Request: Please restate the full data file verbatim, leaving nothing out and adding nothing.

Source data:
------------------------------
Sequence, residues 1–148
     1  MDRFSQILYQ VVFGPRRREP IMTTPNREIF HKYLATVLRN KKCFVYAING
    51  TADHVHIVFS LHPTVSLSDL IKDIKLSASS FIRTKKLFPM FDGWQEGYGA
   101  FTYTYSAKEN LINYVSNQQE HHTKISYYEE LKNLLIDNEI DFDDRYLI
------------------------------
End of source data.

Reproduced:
Sequence, residues 1–148
     1  MDRFSQILYQ VVFGPRRREP IMTTPNREIF HKYLATVLRN KKCFVYAING
    51  TADHVHIVFS LHPTVSLSDL IKDIKLSASS FIRTKKLFPM FDGWQEGYGA
   101  FTYTYSAKEN LINYVSNQQE HHTKISYYEE LKNLLIDNEI DFDDRYLI